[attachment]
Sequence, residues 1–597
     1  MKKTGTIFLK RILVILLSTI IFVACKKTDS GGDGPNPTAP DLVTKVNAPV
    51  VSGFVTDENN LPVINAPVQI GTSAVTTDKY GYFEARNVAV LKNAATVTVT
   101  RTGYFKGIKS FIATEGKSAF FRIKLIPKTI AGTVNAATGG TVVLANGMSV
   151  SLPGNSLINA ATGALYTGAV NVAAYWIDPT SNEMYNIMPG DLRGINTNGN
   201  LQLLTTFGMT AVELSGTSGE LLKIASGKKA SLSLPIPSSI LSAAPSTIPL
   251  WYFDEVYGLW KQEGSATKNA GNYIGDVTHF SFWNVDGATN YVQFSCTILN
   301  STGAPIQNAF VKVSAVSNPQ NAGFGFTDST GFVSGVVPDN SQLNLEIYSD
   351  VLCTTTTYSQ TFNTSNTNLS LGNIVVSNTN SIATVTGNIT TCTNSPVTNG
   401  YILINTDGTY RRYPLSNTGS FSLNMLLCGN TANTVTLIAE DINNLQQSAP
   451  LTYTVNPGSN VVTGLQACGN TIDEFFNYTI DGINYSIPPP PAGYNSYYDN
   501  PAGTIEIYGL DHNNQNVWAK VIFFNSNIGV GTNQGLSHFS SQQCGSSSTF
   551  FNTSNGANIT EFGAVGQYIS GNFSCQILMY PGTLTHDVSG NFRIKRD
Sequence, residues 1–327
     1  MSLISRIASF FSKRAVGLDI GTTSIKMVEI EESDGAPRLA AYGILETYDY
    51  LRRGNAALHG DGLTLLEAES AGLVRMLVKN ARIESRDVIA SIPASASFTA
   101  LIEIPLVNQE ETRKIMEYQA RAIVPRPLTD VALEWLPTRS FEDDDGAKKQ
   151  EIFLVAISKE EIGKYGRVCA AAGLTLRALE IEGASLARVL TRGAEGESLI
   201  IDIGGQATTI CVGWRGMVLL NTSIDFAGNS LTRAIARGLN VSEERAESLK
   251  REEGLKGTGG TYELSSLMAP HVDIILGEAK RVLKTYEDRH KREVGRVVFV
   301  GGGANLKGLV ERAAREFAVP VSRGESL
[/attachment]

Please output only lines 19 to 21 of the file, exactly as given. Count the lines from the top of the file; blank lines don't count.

   201  IDIGGQATTI CVGWRGMVLL NTSIDFAGNS LTRAIARGLN VSEERAESLK
   251  REEGLKGTGG TYELSSLMAP HVDIILGEAK RVLKTYEDRH KREVGRVVFV
   301  GGGANLKGLV ERAAREFAVP VSRGESL